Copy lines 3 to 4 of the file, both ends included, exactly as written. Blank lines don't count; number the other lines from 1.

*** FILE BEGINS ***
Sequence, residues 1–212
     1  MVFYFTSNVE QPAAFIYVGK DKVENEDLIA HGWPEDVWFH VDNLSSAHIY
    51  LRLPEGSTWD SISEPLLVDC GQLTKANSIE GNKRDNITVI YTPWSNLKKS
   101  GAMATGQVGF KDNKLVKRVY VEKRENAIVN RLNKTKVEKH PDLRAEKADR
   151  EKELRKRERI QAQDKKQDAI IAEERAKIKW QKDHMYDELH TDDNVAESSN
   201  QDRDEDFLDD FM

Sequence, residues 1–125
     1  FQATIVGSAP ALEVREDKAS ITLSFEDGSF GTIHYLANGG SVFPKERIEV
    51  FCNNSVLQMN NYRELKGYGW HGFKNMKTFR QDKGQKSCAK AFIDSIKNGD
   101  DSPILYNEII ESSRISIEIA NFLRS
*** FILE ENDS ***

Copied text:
    51  LRLPEGSTWD SISEPLLVDC GQLTKANSIE GNKRDNITVI YTPWSNLKKS
   101  GAMATGQVGF KDNKLVKRVY VEKRENAIVN RLNKTKVEKH PDLRAEKADR